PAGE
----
822 A.2d 399
(AC 22774)Appellate Court of Connecticut
Foti, Dranginis and Freedman, Js.
The plaintiff union sought a judgment declaring that the defendant state’s treatment of past leave accruals was illegal and contrary to statute (§§ 5-247 and 5-250), and ordering the state to recalculate past leave accruals for 1995, 1996 and 1997. The trial court granted the state’s motion to dismiss, concluding that it lacked subject matter jurisdiction because the plaintiff had failed to file a timely application to vacate the arbitration award in which an arbitrator previously had determined that the state’s treatment of past leave accruals violated the parties’ collective bargaining agreement and that the plaintiff was entitled to a recalculation of those accruals only as far back as 1998. On the plaintiff’s appeal to this court, held that the trial court properly granted the state’s motion to dismiss for lack of subject matter jurisdiction; in the present action, the plaintiff raised a public policy challenge to the legality of the arbitration award, which should have been raised by way of an application filed pursuant to statute (§§ 52-418 and 52-419) to vacate, modify or correct the award, and by failing to file such an application, the plaintiff failed to exhaust the specific statutory procedures established for obtaining review of an arbitration award.
Argued February 10
Officially released June 17, 2003
Action for a judgment declaring unlawful the defendant’s calculation of vacation leave under the parties’ collective bargaining agreement, and for other relief, brought to the Superior Court in the judicial district of Hartford, where the court, Hon. Jerry Wagner, judge trial referee, granted the defendant’s motion to dismiss and rendered judgment for the defendant, from which the plaintiff appealed to this court. Affirmed.
James C. Ferguson, for the appellant (plaintiff).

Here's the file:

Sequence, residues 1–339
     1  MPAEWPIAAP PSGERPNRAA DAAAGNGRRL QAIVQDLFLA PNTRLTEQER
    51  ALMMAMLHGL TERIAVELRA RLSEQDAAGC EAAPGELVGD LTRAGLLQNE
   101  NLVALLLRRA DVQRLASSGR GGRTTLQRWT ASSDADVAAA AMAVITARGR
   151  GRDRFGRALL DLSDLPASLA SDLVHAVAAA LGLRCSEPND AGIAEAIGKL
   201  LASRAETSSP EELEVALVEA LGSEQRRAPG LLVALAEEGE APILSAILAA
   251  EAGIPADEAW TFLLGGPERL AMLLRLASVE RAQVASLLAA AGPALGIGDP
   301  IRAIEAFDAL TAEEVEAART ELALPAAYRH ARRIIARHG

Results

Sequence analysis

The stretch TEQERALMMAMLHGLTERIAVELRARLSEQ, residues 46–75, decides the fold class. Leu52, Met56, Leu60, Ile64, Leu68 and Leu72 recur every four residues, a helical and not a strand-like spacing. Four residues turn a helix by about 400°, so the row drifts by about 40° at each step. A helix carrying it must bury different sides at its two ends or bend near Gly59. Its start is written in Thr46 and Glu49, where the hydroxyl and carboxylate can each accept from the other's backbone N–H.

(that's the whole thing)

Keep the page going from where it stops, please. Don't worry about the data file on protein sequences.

Thomas P. Clifford III, assistant attorney general, with whom, on the brief, was Richard Blumenthal, attorney general, for the appellee (defendant).
The plaintiff, the Administrative and Residual Employees Union, Local 4200, AFT/CSFT, AFL-CIO (union), appeals from the judgment of the trial court, granting the motion of the defendant state of Connecticut to dismiss this declaratory judgment action. The union argues that the court improperly granted the state’s motion to dismiss based on lack of subject matter jurisdiction because of the union’s failure to file an application to vacate, modify or correct an arbitration award pursuant to General Statutes §§ 52-418 and 52-419. We disagree with the union and, accordingly, affirm the judgment of the trial court.
The following facts are not in dispute. Prior to this action, the union and the state had entered into a collective bargaining agreement that governed, inter alia, the duration of the standard workweek and accrual of paid vacation leave. The parties’ agreement later was modified to allow a phased increase in the workweek from thirty five hours to forty hours between 1995 and 1998.
On July 28, 1998, the union filed a grievance contesting the state’s calculation of vacation time based on hours rather than on whole days as required by the agreement. By decision dated September 1, 2000, an arbitrator concluded that the state had violated the agreement by its treatment of past leave accruals. The arbitrator held that the grievants were entitled to the number of days previously earned, despite an increase in the number of hours in their standard workday. The arbitrator held, however, that this entitlement went back only as far as July 1, 1998.
The union then filed the present declaratory judgment action, requesting that the court order the state to calculate the vacation accruals on a daily basis rather than on an hourly basis for periods prior to July 1, 1998. The court granted the state’s motion to dismiss on the ground that the union had failed to file a timely application to vacate the decision of the arbitrator. The court concluded, on the basis of that failure, that it lacked jurisdiction over the declaratory judgment action. The union then filed the present appeal.